Stop trying to create 4th wireless carrier, report urges
Ottawa is preventing a more efficient industry with its policies, Montreal Economic Institute study argues
Federal attempts to promote more competition in the wireless industry are hurting consumers and preventing a more efficient industry, according to a report from the Montreal Economic Institute.
The report’s authors Martin Masse and Paul Beaudry point to Ottawa’s efforts to foster wireless start-ups through preferential treatment in spectrum auctions in an attempt to create a “fourth carrier” in the Canadian market.
“Fostering artificial competition through regulatory fiat leads to an inefficient allocation of financial resources, and ultimately hurts the consumer,” the report, titled The state of competition in the Canadian wireless industry 2014, says.
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The Montreal Economic Institute is known for its free-market approach to public policy issues and is financed, in part, by businesses, including some in the telecom industry. But the institute says the report was researched independently.
The report cites rules that prevent the resale of wireless spectrum and regulators blocking the sale of bankrupt Mobilicity to Big 3 player Telus as examples of distortion of the market by the federal government.
It claims the Big 3 – Telus, Bell and Rogers – are adequate to provide choice for consumers and have provided Canadians with fast, high-quality networks.
“Contrary to popular belief, with three national wireless players, and several regional ones, Canada is far from being an aberration among developed countries,” says Masse, adding that the federal government is acting in response to negative perceptions of the industry by consumers, rather than any need for intervention in the market.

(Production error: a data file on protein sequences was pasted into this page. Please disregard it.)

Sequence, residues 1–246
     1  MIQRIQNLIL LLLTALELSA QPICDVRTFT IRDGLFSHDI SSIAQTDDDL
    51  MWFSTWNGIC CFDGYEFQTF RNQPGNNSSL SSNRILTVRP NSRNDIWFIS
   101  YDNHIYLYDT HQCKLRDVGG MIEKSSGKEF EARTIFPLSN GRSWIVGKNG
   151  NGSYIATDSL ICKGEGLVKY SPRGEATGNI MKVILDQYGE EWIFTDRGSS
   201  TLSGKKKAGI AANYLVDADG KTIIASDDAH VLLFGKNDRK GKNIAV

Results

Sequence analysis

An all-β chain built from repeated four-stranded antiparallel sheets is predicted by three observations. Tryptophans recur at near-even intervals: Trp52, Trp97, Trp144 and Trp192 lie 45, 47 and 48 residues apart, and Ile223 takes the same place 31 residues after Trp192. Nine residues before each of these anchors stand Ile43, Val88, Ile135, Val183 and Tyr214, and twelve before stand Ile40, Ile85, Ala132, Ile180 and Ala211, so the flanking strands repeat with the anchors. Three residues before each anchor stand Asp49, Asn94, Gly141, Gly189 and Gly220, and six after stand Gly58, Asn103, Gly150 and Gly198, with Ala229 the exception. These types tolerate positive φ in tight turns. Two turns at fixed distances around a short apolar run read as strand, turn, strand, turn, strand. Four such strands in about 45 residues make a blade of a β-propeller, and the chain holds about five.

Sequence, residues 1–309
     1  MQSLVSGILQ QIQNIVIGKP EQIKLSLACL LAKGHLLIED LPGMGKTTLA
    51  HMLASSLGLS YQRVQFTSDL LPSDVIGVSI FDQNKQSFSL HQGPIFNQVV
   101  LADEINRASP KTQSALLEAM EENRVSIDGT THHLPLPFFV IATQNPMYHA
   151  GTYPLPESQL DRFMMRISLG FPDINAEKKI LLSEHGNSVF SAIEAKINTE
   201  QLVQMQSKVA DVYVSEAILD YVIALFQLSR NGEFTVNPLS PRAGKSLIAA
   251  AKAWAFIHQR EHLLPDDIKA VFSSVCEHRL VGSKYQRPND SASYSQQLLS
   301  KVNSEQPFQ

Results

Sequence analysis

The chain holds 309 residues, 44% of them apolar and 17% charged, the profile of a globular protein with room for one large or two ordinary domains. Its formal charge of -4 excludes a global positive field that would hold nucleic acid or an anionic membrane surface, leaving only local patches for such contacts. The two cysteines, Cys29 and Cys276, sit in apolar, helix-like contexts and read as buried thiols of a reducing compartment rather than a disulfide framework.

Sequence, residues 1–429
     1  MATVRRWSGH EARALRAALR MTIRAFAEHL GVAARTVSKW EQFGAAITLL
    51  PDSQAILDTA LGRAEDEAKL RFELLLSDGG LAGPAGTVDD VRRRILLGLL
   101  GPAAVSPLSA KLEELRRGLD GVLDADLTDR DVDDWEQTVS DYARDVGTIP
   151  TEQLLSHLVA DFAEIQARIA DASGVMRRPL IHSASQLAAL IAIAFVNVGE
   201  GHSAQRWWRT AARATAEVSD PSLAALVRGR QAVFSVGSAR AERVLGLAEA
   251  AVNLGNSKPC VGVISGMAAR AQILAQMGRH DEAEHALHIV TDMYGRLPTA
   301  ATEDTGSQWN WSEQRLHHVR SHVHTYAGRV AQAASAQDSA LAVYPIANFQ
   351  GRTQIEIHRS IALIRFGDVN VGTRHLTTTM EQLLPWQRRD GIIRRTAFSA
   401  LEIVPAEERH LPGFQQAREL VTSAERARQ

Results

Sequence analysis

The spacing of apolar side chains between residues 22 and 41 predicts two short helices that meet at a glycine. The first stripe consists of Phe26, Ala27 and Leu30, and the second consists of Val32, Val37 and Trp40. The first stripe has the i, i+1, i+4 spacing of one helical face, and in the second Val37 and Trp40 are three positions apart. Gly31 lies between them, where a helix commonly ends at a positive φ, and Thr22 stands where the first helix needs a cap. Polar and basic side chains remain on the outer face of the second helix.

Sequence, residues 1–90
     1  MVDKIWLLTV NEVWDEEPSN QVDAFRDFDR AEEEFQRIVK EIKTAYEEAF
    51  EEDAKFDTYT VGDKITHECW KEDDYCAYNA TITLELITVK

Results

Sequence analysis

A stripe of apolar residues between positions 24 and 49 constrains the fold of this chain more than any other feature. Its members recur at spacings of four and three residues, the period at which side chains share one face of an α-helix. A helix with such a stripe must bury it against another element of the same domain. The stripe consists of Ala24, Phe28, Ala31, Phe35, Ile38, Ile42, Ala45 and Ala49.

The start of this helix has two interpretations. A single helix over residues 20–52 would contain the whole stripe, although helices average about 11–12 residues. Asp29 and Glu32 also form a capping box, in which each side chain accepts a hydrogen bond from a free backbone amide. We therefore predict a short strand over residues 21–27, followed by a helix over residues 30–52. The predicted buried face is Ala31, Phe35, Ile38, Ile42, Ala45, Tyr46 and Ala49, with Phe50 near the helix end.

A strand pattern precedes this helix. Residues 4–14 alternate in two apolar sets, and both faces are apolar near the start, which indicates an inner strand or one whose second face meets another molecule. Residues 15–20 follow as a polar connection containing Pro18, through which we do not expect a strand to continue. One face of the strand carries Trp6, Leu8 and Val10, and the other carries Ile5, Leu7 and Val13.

“As Europe’s experience shows, high levels of government regulation and competition may bring down prices, but they also discourage investment and innovation,” Masse says in a news release.
He argues wireless capital expenditures fell by four per cent in the European Union between 2007 and 2012, meaning few customers had access to high-speed LTE or 4G networks. By contrast, investment in the network grew by 35 per cent in Canada and 14 per cent of mobile users are connected to the fastest networks.
The report is another skirmish in the battle between Ottawa and the Big 3 telcos over the structure of the wireless market.
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In the Fair for Canada campaign last year, the Big 3 argued Ottawa should not set aside spectrum in its fall auction for new entrants and especially if one of those new entrants might be American giant Verizon. In the end, the Big 3 snapped up the lion’s share of that spectrum.
The small players Ottawa allowed into the market in a 2008 auction also have a poor track record – Mobilicity and Public Mobile went into receivership and Wind is struggling, the MEI report said.
“These interventionist measures, including a controversial attempt to attract a large American provider by of- fering it extraordinary regulatory privileges, have not succeeded in ensuring the emergence of solid fourth wireless carriers in three of the largest Can- adian markets, namely Ontario, British Columbia and Alberta,” it said.
“On the contrary, it can be argued that these measures merely led to a waste of resources, which the government is exacerbating by preventing their reallocation through such actions as blocking the transaction between TELUS and Mobilicity.”
The report proposes liberalization of Canada’s foreign investment regime in the telecommunications sector and of spectrum licence transfer rules.